top of page

The Black Experiences
with Planning in Canada

Our Collaborative Project to better understand the nature of structural racism in Canada through the planning process

Canadian planning has a tense history with/in Black communities shaped by a legacy of racism and settler colonialism. Since the first arrival of people of African descent, informal and formal practices of settlement, land tenure and use, urban and regional planning, and development have been shaped by anti-Black racism and White supremacy, creating inequitable outcomes for Black communities until this day. However, Black communities, individuals, and planning practitioners have developed and still enact practices rooted in Black knowledge and traditions, which have enabled Black spaces to survive and thrive through resistance, resilience, and creativity. Still, the field of planning has yet to centre Black experiences, priorities, and knowledge in practice, theory, and education. The Black Experiences with Planning in Canada (BEPIC) research partnership seeks to learn from the lived experiences of Black communities and planners in order to create conceptual and practical planning tools that enable more equitable outcomes in Black communities, but also for diverse publics more broadly. BEPIC has been conceptualized by the Black Planning Project, together with community and academic partners committed to racial and spatial justice.

The Black Experiences with Planning in Canada (BEPIC) partnership seeks to Adopt an assets-based Framework

BEPIC’s main goals are


1) to explore and document the experiences of Black communities and practitioners with/in/against planning in Canada;


2) to create a framework for community-based, Black-centered, Black-informed planning practices; and

3) to pilot the framework with Black individuals, community organizations, and planners working with predominantly or historically Black communities.


By building on the knowledge of Black communities and planners, this research will help challenge dominant planning discourses, address questions of Black exclusion and anti-Black racism in planning, amplify community-led planning practices, and inform planning pedagogy and the training of future planners, especially emerging Black planners. Ultimately, BEPIC will propose tools grounded in Black knowledge and traditions, which can be adopted by Black communities and planners to preserve and strengthen Black contributions to planning, community-building, and city-making.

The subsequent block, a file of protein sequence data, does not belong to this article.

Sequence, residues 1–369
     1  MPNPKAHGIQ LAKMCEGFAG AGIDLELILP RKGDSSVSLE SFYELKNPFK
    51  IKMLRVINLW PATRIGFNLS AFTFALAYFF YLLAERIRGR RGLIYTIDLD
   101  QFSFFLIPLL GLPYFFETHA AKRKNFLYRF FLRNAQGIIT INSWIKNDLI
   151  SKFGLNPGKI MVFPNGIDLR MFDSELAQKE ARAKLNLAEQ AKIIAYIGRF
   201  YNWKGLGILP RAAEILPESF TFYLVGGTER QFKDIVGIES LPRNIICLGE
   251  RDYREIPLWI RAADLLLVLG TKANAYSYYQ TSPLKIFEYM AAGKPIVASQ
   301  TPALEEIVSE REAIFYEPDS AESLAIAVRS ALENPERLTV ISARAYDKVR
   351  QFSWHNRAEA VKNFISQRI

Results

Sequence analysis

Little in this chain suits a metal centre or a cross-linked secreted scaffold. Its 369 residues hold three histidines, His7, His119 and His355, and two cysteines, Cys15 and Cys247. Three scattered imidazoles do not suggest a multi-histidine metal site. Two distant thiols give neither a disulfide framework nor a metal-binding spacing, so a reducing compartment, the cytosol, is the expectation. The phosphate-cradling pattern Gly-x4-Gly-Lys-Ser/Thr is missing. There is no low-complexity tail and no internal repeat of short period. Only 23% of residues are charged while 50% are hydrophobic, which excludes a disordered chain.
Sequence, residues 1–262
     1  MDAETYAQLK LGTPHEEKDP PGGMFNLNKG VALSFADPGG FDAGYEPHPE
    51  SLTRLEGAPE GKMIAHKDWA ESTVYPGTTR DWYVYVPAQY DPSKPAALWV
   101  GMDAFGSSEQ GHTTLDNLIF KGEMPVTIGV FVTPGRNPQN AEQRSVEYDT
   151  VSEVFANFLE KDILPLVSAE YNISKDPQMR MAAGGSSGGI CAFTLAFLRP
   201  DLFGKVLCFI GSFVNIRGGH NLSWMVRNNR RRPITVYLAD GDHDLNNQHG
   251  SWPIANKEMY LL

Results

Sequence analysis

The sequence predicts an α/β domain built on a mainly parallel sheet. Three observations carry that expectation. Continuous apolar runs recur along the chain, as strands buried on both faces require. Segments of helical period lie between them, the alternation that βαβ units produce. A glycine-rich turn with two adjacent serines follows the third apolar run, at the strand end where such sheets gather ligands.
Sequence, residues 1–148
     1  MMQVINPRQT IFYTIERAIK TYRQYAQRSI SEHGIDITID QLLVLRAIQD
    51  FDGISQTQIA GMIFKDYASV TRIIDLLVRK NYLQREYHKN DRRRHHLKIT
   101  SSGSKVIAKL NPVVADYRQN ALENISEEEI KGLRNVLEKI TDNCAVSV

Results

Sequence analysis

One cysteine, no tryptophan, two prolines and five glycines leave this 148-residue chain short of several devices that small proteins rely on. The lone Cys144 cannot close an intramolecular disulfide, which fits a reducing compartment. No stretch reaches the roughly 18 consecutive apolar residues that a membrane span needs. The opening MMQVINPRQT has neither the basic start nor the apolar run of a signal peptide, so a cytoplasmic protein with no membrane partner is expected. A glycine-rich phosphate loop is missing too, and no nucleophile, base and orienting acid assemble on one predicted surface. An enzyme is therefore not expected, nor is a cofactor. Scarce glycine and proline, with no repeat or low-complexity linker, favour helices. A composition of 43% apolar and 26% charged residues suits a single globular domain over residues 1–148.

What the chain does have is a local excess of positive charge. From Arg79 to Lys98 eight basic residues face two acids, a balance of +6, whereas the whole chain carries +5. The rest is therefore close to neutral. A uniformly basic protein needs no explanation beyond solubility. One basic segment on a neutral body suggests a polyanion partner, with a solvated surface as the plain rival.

Meet The Project Team

Words from Our Project Leaders

Quotes from Toronto Metropolitan University article

“The Black Planning Project is leading powerful work to amplify Black voices and perspectives in the field of planning, and it is a privilege to collaborate to grow a partnership that can take that work in new directions. Universities can play an important role in supporting community-initiated research, which in turn can transform how planning is taught and practiced. This grant will allow us to do precisely that: centring the knowledge and experiences of Black communities and planners in order to rethink mainstream planning tools and approaches through a racial justice lens.” 

  • Dr. Magdalena Ugarte, Director, BEPIC, Assistant Professor, Toronto Metropolitan University,

Co-director Abigail Moriah from the Black Planning Project notes that this research will help build an understanding of Black planning that can shape practice. “Our goal is to explore how planning can play a role in creating more equitable outcomes in Black communities, specifically through highlighting asset-based approaches and tools that are grounded in Black city and community building knowledge and traditions,” she said, adding that those tools can be used to inform both planning education and training as well as amplify community-led planning practices. Other collaborators include Black-led community organizations from Halifax and Toronto, Black planners from across Canada, and additional researchers and experts in areas such as planning, community building and Black studies.

  • Abigail Moriah, MCIP RPP, Co-Director, BEPIC, Founder, The Black Planning Project 

bottom of page